County Assessor – Anybody but John Noguez, who is endorsed by the Howard Jarvis Taxpayer Association. Not that I’m against lower taxes, but I’m against a blind adherence to them under all circumstances, and that’s what Howard Jarvis is about.
Sheriff – Lee Baca. He’s done a good job, and really reformed the police force that ol’ Sherm Block left him.
Proposition 13 – Yes. This is a simple enough proposition that I’m sure there’s a catch here, but I just can’t see what’s wrong with it. Making seismic retrofits not trigger a property tax reassessment should mean more seismic retrofits, which is a good thing.
Proposition 14 – No. This proposition totally changes how elections work, by making primary elections a free-for-all and then advancing the top two candidates to the general election. If you’re for election reform, there are a lot of good ideas of how to do that, and this proposition includes none of them. It does, however, potentially subject us to a ton of unintended consequences, including general elections with no meaningful candidate differences, if only centrists are nominated; and the ability of a party to knock another party’s candidates out of the election altogether just by mobilizing a high primary turnout. Frankly, I think if parties want to continue to make idiot nominations, they should feel free to do so.
Proposition 15 – Yes. If you’re for election reform, then this is a shot at reform that shouldn’t cost us much of anything. If you’re not for election reform, well, maybe nobody will use these public funds. This is a simple, small enough proposition that it’s worth trying.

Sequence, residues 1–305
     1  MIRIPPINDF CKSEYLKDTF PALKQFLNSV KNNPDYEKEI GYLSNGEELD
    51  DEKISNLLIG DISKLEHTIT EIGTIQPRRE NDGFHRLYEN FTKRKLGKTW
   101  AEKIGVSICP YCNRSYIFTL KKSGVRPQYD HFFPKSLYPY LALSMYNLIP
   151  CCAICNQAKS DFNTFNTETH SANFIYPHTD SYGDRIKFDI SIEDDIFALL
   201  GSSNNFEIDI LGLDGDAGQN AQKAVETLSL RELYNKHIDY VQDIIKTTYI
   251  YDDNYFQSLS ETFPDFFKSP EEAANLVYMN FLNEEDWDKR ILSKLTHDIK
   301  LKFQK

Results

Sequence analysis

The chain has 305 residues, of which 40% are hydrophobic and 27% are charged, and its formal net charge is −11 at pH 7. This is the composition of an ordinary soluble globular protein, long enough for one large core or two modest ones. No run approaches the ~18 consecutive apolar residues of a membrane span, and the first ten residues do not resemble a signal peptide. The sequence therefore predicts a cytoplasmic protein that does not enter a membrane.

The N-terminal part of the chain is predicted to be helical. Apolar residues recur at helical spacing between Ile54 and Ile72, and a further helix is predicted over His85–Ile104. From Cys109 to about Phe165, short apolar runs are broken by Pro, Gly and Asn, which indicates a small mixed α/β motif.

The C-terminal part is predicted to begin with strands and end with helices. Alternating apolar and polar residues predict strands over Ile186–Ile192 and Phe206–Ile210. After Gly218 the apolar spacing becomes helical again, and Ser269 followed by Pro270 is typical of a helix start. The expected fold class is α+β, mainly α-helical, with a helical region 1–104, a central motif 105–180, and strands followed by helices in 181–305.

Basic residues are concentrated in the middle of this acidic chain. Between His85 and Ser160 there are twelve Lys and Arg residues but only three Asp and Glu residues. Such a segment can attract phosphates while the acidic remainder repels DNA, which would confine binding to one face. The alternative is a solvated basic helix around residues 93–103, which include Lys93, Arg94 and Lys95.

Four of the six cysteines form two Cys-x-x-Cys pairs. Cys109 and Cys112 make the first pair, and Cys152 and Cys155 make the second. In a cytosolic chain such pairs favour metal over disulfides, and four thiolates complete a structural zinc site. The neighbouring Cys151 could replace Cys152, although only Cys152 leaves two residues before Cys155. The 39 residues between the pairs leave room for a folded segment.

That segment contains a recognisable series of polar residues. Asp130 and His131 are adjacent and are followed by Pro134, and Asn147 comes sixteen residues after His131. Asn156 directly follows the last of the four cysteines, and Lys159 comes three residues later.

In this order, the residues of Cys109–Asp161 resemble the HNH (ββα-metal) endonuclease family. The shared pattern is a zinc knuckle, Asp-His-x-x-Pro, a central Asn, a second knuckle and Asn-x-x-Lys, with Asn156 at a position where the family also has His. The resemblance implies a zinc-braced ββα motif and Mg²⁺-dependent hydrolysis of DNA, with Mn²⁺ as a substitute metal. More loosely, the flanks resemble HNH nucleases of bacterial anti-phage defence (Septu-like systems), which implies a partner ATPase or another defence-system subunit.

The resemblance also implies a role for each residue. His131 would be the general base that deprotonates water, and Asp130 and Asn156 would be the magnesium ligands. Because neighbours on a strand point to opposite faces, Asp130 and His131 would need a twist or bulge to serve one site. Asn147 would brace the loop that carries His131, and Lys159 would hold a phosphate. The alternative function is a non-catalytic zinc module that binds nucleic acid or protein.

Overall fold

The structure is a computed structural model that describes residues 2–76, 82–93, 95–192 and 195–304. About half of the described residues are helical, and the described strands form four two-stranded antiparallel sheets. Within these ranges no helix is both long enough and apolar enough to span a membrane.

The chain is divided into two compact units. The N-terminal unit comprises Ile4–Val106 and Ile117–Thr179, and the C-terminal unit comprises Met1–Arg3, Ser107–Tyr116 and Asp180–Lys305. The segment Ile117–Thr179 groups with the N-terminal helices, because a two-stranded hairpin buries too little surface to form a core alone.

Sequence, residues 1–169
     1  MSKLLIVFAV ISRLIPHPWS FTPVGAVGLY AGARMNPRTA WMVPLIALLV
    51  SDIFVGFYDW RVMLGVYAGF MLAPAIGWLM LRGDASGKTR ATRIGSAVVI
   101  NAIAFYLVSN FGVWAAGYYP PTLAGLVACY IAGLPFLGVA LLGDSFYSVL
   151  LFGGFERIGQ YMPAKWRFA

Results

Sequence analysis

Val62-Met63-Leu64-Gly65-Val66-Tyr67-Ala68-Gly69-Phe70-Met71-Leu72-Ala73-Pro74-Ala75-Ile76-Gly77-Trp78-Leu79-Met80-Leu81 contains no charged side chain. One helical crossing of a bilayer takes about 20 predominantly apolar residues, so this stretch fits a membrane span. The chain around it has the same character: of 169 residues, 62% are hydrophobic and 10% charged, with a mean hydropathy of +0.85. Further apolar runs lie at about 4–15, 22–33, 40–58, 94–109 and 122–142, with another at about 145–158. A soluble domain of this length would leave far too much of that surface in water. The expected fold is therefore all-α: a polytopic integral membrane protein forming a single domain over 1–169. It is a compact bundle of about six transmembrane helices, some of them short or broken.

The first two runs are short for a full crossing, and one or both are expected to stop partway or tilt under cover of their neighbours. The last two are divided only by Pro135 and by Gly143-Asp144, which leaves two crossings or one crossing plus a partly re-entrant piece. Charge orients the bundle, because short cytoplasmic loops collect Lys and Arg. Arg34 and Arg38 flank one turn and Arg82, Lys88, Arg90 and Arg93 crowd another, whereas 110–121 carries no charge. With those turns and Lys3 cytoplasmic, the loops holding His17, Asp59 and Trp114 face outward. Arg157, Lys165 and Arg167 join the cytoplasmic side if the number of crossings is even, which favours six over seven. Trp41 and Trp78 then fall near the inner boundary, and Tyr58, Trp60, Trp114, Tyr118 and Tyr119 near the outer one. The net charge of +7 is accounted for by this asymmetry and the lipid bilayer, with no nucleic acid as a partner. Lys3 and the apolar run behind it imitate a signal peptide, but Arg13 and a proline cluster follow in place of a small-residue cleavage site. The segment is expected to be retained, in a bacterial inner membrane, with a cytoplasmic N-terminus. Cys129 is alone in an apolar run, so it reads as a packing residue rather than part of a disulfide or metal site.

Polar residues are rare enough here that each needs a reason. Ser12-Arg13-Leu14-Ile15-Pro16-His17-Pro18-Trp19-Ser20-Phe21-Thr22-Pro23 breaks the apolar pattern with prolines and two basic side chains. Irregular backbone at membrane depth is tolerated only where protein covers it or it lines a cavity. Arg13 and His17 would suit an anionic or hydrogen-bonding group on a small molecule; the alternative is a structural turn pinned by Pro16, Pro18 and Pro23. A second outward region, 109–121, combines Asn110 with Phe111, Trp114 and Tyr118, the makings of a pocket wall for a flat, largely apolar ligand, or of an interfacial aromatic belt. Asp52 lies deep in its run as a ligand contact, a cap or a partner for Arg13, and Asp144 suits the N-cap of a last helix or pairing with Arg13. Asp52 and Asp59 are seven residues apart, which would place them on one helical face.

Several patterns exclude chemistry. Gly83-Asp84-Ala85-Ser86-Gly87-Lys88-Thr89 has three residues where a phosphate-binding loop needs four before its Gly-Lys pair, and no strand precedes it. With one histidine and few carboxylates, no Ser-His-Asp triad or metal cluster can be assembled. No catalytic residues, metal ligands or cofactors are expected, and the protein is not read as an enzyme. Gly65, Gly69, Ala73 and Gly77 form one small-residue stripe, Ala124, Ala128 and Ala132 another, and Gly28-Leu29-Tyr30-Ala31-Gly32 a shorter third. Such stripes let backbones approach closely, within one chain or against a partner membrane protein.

Proposition 16 – No. This is incumbent energy companies’ shot at preventing new entrants. They’ve dragged their feet in implementing green energy and, now that voters have begun to indicate they’re prepared to approve bond issues and other expenditures to bring locally-financed green energy producers online, the big energy companies are trying to make it procedurally impossible to do so. If they’re worried about the threat of green energy, they should respond in the marketplace, not by restricting citizens’ rights by proposition.
Proposition 17 – No. Another power grab by an industry leader, this is auto insurance’s (mostly Mercury, from what I understand) attempt to find another reason to raise rates. They have a variety of reasons that are permitted under law — a much wider variety than available in most states — but want to be able to raise the rates for people who have any gap in their coverage. I had a gap in my medical coverage about a year ago when somehow Blue Cross decided not to process my automatic payment. How easy would it be for a payment to go astray, coverage to be canceled, and a gap in coverage created to justify a rate raise?
Proposition E – No. It’s hard to make this decision: I’m usually inclined to support any kind of investment in schools. But LAUSD has hardly proven itself to be well-run over the past few years, with mediocre educational results and a total clusterf**k of a payroll system. In addition, a lot of this spending is unallocated — principals can spend it as they wish. Is it good this money goes to classrooms? Yes. Is it a problem that there isn’t a consistent pedagogical goal for it? Yes. Does $100 a parcel seem high for all of this? Yes. Should we vote for this? No.